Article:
April 18-30. Phi Phi. From the cities of Chiang Mai came the beaches of Phi Phi in southern Thailand. I had never known there was a distinctive tropical paradise in any part of Thailand, but I experienced such a place. After a 1 hour on a plane and a bumpy boat ride, we arrived on the white beaches of Phi Phi, where the emerald water kisses the fine sand every so often. It was exactly like an ad for Budweiser or one of those cheesy tropical postcards people send each other and that aspect was a little unappealing to me. The only things disrupting this tourist paradise were the dozens of longboats motoring around the island.
The longboats were the taxis of the islands of Phi Phi. They have been used for several decades and used to be similar to rowboats. Now they are equipped with long propellers connected to a car engine. It was a wild sight that I hadn’t become accustomed to even after spending a week around them. We were picked up by one of these contraptions on our way to the hotel. Once we got on the boat we immediately noticed that if the weight of both sides wasn’t precise it would tip to one side and be in danger of capsizing. This was a slight inconvenience, given that we consisted of a 12 year old, two adults, 4 bags of luggage, and me.
Our hotel was situated right on the beach, so we never took the time to doddle in our rooms. The next few days were spent snorkeling right off the beach, rock climbing the stunning mountain faces, and relaxing on the beach. The snorkeling, in particular, was unique. We were able to see black tipped sharks, sea turtles, moray eels, seahorses, and several varieties of fish just off the beach. On one day we hired a longboater to give us a snorkeling tour of the surrounding islands, but after a while it seemed slightly repetitive. He took us to several tourist locations, each cheesier than the last. The most touristy of them all was Miami Beach, which is improperly and properly named. It is improperly named because it possesses a natural beauty of green waters, perfect sand, and stunning cliffs that a Miami beach cannot compete with. It is, however, properly named because it is filled with so many people that it’s hard to walk peacefully.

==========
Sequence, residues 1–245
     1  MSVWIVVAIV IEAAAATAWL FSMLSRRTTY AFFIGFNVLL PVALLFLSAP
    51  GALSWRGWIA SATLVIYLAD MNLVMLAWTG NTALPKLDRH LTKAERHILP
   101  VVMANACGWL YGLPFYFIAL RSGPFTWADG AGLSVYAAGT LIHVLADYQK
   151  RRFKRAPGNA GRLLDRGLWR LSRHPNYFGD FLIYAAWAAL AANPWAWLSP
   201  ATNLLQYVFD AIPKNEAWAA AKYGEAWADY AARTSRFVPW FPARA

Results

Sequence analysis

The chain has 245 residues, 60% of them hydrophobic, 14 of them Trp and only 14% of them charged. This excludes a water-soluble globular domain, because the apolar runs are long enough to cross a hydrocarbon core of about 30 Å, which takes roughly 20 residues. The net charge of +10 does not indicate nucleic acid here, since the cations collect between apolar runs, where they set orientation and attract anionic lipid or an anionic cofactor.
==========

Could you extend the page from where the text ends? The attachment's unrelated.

The nights in Phi Phi were fun, but also repetitive. The hotel we stayed at put on a fire dancing show every night. It was great to see, but then again if I had stayed for more than 3 nights at the hotel I would have been fed up with it. The food was great, just as Thai food usually is and I finally convinced my father to eat his first piece of fish in the 49 years he has been alive. I was pretty proud of myself after that.
I became more comfortable with my family during these 3 days, to the point where it seemed that the stage of getting to know each other had finally seemed to have dwindled away. I had a blast with them during this time, but time and time again I found myself longing for the experiences I had become accustomed to. Meeting new people, spending time with the friends I had made, sleeping on the floor, and experiencing vast cultures were the things I was used to. Then whenever I thought of this I would tell myself that I’m just on a vacation. Yet, I couldn’t help thinking that this was a sign that, eventually, my adventures will have to come to an end.